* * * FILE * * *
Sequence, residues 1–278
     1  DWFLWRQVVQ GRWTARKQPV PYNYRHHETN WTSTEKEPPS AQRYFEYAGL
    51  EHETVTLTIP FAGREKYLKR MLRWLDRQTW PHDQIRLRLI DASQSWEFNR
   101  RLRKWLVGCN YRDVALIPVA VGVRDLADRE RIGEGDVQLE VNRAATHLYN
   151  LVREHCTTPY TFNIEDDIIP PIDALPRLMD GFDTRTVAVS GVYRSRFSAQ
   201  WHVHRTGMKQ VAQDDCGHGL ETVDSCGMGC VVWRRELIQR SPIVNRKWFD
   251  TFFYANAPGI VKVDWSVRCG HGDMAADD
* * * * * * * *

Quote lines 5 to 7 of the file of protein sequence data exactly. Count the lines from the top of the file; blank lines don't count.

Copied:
   151  LVREHCTTPY TFNIEDDIIP PIDALPRLMD GFDTRTVAVS GVYRSRFSAQ
   201  WHVHRTGMKQ VAQDDCGHGL ETVDSCGMGC VVWRRELIQR SPIVNRKWFD
   251  TFFYANAPGI VKVDWSVRCG HGDMAADD